How to Get the Most Out of Crispy Turkey Skin

One of the great things about eating birds is eating their (hopefully) crunchy (ideally) well-aged skin. But some people, like my mom, don’t appreciate this gift. (It ultimately worked for me when I was young, as I could steal all the skin from Costco’s grilled chicken with impunity.) And these are the people I want to get the most out of.

If you are cooking a whole turkey, there are several well-known tricks you can use to make the skin crispy when you cook your turkey. You can use the Serious Eats baking soda trick (sprinkle the bird with one part baking soda and three parts kosher salt, then refrigerate for 24 hours before baking) or you can use your hair dryer.

But even if you take these steps, the turkey will remain stained that simply won’t get the warmth and air it needs to get crispy. (Helps to place the bird on the wire rack, but the back of the bird will never be as crispy as the breast.)

These unsuitable areas of skin are usually thrown away or boiled with the rest of the broth mascara, but this is – for me – wasteful. This skin deserves the reputation for crispness, and you can help it achieve that. Plan? Wait for your family to fall asleep, peel the sad, flabby skin off the turkey and fry until crisp. You can follow the procedure outlined in this blog post on how to toast the leftover chicken skin, simply replace the word “chicken” with “turkey”:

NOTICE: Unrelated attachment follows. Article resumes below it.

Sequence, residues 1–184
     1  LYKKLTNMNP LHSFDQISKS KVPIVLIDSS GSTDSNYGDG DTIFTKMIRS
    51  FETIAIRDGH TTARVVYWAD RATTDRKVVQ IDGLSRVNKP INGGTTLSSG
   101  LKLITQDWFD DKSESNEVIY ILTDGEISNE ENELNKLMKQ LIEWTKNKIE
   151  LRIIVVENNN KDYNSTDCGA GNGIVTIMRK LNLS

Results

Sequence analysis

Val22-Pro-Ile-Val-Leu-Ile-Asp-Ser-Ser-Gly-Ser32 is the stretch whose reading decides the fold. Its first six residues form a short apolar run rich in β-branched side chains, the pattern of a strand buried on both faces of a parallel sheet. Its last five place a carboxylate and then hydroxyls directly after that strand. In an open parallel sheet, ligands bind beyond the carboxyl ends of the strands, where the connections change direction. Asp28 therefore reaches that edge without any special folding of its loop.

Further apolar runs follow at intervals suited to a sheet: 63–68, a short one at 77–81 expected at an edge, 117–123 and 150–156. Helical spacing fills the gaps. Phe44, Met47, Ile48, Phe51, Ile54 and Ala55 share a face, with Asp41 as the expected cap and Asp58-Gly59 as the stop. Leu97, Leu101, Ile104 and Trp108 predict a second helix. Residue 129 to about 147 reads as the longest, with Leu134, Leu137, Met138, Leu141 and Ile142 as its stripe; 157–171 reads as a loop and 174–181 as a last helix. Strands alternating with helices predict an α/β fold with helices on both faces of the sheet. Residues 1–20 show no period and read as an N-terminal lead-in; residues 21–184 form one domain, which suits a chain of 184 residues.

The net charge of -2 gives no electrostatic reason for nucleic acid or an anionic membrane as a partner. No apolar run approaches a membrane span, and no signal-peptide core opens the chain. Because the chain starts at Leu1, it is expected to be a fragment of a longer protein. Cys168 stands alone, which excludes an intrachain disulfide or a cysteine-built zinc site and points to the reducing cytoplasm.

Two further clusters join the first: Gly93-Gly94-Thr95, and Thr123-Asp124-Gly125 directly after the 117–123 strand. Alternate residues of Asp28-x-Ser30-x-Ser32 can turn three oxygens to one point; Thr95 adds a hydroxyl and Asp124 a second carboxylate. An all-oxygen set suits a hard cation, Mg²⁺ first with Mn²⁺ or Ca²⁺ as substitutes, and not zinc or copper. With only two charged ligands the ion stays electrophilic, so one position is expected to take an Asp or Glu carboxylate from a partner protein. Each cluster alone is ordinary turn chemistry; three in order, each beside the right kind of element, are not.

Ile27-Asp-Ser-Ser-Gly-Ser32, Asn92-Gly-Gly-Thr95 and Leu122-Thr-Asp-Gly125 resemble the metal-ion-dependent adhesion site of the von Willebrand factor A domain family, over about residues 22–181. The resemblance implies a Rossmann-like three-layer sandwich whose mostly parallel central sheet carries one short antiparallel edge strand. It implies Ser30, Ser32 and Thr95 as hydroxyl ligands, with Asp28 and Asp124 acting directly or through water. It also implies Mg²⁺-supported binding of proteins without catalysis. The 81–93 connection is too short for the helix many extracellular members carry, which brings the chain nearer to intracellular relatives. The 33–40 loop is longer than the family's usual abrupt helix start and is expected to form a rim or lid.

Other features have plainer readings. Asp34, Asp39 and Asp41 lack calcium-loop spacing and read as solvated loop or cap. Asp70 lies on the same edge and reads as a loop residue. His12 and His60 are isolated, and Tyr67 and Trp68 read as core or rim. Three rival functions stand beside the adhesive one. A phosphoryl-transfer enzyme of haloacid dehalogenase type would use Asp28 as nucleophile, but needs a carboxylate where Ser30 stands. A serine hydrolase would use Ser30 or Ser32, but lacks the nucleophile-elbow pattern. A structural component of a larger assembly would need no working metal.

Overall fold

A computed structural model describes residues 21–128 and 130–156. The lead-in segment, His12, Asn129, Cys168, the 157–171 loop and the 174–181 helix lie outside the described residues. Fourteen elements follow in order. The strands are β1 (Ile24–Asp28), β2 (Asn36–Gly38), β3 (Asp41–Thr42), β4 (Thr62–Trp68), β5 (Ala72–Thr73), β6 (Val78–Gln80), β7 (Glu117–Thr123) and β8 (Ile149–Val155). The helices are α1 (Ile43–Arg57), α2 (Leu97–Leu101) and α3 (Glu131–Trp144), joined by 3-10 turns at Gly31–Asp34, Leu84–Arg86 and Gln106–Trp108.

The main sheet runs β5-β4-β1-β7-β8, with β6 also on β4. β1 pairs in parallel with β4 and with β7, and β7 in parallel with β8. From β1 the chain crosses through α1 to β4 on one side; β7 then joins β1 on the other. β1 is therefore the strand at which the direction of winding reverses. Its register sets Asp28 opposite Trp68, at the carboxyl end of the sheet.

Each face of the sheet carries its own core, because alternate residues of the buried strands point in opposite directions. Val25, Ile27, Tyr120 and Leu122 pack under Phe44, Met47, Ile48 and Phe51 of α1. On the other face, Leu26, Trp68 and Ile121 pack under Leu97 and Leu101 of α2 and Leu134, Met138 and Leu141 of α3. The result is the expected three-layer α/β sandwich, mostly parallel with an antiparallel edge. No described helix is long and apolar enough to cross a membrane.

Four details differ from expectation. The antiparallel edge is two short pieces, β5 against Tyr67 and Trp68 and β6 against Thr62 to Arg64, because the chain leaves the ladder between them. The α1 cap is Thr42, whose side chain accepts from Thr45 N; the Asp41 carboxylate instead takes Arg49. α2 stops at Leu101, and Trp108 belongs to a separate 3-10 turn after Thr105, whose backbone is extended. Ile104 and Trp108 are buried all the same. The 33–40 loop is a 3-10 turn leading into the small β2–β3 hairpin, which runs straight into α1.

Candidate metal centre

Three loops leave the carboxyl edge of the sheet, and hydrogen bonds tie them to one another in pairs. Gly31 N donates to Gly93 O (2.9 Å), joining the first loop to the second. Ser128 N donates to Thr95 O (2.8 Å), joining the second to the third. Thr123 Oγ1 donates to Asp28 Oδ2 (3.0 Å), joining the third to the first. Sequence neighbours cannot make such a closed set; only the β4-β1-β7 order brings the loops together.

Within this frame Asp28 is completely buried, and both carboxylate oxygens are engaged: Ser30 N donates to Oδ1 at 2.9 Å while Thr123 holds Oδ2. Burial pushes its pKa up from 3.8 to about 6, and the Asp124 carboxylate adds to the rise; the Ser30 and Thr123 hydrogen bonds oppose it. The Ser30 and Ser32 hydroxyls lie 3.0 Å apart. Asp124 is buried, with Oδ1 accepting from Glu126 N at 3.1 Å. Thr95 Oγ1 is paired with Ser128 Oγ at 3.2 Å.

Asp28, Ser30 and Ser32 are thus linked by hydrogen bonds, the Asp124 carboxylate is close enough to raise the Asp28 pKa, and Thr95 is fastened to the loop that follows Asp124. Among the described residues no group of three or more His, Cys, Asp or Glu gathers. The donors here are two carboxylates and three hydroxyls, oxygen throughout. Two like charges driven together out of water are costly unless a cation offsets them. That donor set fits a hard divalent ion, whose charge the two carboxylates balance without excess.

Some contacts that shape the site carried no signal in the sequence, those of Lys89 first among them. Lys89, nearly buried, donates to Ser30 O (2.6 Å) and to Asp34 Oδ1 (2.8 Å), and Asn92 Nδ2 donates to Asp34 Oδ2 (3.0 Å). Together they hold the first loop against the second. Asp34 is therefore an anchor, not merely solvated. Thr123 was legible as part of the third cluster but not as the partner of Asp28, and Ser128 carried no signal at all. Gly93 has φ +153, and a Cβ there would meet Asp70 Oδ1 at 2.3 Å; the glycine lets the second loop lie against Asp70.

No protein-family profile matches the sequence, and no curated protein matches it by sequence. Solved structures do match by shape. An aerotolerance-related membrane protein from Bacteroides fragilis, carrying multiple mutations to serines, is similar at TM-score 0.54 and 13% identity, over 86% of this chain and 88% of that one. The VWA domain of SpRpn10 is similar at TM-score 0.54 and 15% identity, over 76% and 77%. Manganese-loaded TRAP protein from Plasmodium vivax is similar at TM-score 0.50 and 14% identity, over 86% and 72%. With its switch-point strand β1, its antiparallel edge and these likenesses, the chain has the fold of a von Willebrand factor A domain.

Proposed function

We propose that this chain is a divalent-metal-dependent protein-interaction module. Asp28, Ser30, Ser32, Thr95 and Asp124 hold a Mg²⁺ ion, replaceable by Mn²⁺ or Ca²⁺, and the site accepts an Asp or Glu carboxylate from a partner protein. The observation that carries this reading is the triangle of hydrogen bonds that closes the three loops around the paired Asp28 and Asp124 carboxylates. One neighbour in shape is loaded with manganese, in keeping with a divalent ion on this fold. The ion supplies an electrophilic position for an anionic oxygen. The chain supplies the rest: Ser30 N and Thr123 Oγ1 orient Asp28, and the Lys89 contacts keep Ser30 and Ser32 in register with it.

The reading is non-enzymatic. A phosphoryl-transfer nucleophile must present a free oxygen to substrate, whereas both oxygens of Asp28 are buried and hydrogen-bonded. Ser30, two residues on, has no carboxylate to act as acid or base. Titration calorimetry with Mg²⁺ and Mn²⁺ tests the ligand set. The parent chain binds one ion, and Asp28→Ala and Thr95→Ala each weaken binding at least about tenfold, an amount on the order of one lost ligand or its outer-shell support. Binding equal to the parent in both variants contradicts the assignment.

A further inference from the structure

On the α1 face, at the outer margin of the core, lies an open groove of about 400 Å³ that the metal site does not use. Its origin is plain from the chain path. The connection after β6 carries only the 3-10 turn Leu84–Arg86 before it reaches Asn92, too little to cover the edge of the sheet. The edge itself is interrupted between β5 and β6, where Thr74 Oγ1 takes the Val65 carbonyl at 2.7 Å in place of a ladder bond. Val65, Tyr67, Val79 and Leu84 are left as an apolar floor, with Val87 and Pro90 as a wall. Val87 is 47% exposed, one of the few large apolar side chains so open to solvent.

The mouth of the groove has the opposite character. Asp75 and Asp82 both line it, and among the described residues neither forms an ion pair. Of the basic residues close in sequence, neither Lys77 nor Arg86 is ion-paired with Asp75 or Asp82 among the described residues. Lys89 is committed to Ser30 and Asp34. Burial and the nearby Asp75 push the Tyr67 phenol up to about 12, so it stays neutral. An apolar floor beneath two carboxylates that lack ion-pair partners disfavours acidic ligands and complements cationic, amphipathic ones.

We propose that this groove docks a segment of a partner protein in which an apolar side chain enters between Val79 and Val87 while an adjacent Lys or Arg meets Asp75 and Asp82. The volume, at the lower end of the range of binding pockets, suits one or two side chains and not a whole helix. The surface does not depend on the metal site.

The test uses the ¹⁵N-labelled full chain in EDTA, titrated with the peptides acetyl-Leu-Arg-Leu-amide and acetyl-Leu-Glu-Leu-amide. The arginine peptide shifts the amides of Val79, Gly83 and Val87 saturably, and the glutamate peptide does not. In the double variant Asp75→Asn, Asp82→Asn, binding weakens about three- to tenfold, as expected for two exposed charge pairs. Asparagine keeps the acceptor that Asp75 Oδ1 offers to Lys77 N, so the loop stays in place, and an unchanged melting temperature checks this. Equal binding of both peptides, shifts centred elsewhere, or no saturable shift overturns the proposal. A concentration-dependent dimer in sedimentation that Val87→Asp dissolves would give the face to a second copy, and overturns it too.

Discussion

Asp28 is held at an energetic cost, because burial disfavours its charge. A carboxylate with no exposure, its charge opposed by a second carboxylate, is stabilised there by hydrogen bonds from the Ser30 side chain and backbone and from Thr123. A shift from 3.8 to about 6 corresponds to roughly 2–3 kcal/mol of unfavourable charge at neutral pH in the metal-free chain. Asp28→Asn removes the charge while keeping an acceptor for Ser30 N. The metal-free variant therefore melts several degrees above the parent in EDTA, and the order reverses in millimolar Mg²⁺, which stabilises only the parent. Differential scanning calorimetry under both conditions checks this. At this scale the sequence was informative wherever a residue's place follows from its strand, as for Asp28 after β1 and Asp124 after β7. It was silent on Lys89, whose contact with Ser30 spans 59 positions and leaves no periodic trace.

Simply (gently) peel off the cooked chicken and place the slices in a cold, non-stick skillet. Place the skillet on the hotplate, turn on medium heat and cook until golden and crispy, turning once to get both sides (chopsticks are best for this). Transfer to paper towels, salt (if necessary) and enjoy sandwiches or salads, sprinkle with pasta, or all on your own.

In addition, there are turkey products that require complete skin removal before cooking, such as a roll. The thought may at first cause a skin enthusiast to shiver down your spine with horror, but this kind of thing actually offers tremendous possibilities. By removing the rind before frying, you can turn it all into a huge, gorgeous crackle! Happy Holidays!

All you have to do is place a (generously seasoned) piece of leather flat on a parchment-lined baking sheet, place another piece of parchment on top, and place something heavy (like a frying pan or baking sheet with one or more kitchens). bricks ) on top of the top layer of parchment. Put all this in an oven with a temperature of 375 degrees for 30-45 minutes. When it’s deep, stuffy, and golden brown, remove it from the oven and let it dry on a wire rack for even crisper. Serve with turkey if you can wait that long.

If you’re worried about eating all of the crispy skins before the turkey comes out of the oven, just ask the butcher if he has any extra skins to sell you. But don’t put it that way. Formulate this as a normal person who dislikes skin more than anything else. “Please sir, can I buy some turkey skin scraps?” must do the trick.

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